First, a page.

Saturday, October 19, 2013

Dick Collins Firetrails 50 Mile - Race Report

Wake up at 1:30am and eat 2 peanut butter and Nutella sandwiches. Throw the kids into the car and speed away from the house by 4am. Get to Lake Chabot by 5am. Start running by 5:30am. Run 50 miles on trails for 13 hours 45 minutes and finish just before 7:30pm. It all sounds so easy when I can summarize a race down to the tangible parts.

On 10/12/2013 I ran my first 50-miler on trails in a time of 13 hours 45 minutes. I opted for the early 5:30am start because I knew I would need all the time I could get. The sad truth is that I didn’t train for this race as much as I should have. I did a 35 mile run back in July and a 13 mile run sometime in September. Work made sure that there was not much more to my training than that.

Fast forward to 10/12/2013, and I find myself staring into the darkness at 5:30 am at Lake Chabot. Three of my teammates were there with me, Yvonne, Angela, and Donna. The first few miles were illuminated by headlamps which eventually gave way to the rising sun. I ran with Angela and Yvonne for a good portion of the morning hours. Angela soon shot ahead and then it was just me and Yvonne. At Skyline Gate I lost Yvonne at the porta-potties, but I knew she would catch up to me quickly. It was on that portion that it seemed like things for me went downhill… literally.

From Skyline Gate there was a really fast downhill portion. I was navigating it pretty well when my right foot found an immovable rock in the trail. I soon found myself flying into the side of the trail while my legs simultaneously decided to cramp up. Another runner helped me up (he had no choice since I was blocking the trail). I quickly got running while trying to take stock of the numerous scrapes on my legs, the splinters in my hands, and the cramps in my legs that were now slowing me down.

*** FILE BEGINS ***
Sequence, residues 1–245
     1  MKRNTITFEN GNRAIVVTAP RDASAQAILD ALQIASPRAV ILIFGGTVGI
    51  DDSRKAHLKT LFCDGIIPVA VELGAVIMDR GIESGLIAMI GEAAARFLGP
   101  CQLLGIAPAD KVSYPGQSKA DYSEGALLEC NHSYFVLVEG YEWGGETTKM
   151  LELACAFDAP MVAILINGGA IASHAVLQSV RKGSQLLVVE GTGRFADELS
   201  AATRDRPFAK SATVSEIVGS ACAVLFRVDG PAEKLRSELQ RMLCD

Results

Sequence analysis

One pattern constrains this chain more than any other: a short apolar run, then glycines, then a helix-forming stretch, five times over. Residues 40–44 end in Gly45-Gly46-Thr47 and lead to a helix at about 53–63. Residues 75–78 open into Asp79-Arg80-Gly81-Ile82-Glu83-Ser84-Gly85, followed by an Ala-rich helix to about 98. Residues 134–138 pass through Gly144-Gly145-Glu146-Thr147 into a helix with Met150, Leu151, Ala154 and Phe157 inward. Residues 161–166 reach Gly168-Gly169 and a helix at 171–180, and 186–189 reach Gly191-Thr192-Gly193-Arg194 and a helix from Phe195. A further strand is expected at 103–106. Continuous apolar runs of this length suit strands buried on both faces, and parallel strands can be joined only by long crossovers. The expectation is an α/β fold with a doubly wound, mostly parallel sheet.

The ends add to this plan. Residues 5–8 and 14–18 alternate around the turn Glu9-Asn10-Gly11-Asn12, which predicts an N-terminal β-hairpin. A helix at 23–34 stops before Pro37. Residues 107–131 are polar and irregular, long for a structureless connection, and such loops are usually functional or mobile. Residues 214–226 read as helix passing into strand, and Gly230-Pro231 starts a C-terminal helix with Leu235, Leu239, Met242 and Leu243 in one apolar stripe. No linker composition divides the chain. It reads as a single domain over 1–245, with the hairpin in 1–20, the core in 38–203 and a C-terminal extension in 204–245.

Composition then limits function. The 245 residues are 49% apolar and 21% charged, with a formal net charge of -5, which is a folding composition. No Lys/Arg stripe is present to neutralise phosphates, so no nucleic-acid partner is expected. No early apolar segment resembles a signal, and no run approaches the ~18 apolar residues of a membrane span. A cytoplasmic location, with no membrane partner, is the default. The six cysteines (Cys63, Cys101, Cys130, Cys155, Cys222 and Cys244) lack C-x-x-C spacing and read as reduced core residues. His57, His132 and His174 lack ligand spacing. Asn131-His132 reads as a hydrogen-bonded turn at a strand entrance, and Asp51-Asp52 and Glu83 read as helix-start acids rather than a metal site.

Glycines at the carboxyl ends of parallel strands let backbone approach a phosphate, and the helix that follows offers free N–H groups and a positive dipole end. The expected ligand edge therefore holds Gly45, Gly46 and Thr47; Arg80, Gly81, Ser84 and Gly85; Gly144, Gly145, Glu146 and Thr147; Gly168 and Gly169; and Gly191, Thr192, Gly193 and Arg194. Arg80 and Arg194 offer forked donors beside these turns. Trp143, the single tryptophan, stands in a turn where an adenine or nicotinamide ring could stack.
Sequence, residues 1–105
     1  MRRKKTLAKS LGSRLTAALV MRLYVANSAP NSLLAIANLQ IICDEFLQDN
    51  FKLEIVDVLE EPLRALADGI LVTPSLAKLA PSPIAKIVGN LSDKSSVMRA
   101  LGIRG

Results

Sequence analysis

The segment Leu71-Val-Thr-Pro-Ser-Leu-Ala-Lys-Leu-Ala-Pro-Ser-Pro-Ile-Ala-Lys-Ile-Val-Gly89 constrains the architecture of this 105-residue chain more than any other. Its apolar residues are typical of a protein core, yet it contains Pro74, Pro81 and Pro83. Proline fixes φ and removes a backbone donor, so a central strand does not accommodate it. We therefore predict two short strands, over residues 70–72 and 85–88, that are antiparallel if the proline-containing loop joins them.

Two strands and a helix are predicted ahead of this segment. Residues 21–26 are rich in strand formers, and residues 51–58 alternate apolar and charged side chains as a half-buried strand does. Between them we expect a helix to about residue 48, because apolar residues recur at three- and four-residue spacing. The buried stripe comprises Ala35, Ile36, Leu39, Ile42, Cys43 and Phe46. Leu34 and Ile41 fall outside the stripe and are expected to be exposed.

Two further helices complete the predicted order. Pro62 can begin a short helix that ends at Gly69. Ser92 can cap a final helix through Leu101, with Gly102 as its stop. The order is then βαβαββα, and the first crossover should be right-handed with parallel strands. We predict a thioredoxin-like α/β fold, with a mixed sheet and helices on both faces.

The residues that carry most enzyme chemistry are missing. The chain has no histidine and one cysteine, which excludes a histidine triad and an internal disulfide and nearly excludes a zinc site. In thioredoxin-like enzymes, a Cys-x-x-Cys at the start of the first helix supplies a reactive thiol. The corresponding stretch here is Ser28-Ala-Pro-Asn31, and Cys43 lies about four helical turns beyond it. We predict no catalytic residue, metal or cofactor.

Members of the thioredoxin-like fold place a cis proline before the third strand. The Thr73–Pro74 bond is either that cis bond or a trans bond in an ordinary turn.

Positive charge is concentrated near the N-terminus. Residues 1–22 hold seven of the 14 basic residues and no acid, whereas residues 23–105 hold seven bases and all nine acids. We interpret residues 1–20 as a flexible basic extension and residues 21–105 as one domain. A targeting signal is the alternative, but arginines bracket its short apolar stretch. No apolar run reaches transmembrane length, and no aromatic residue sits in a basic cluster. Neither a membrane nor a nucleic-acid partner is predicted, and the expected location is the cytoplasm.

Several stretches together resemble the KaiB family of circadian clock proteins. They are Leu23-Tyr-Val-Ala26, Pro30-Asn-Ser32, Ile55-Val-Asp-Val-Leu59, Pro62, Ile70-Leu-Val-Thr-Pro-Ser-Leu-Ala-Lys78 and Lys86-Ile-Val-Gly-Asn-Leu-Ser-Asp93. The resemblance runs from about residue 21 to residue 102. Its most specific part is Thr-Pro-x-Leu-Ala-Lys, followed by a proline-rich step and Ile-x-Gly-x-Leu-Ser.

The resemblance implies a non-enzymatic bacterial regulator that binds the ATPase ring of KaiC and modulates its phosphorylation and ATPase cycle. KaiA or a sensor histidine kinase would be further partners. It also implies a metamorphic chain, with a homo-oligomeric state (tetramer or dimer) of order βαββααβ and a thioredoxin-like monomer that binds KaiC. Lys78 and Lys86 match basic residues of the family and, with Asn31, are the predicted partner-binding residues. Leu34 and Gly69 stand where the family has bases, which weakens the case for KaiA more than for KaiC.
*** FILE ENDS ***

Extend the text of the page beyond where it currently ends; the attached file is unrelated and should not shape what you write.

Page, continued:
Not long after that Yvonne caught up to me. She stayed with me for a little while to make sure I was okay, but she eventually had to go. Soon, Donna caught up to me and passed me as well. I was having a hard time climbing the uphill portions. Both my quads were cramping which seriously hindered my ability to bend my legs. I popped some salt tablets which did not help at all. Then I decided to tie the bandanas I had with me around my thighs. The compression seemed to do the trick and pretty soon I was climbing again.

I saw Josh and Mama Lisa around the Steam Trains. Mama Lisa asked how I was doing (Yvonne had told her I was having trouble with leg cramps). Apparently Josh was having some similar problem. Mama Lisa sprayed our collective legs with BioFreeze which felt good and excruciatingly painful (remember the scrapes) all at the same time. I also told her that I had consumed 12 salt tabs, which caused her to have a horrified look on her face. She said I needed to flush out that salt or else my kidneys would shut down. Got it, no more salt and take in a little more water.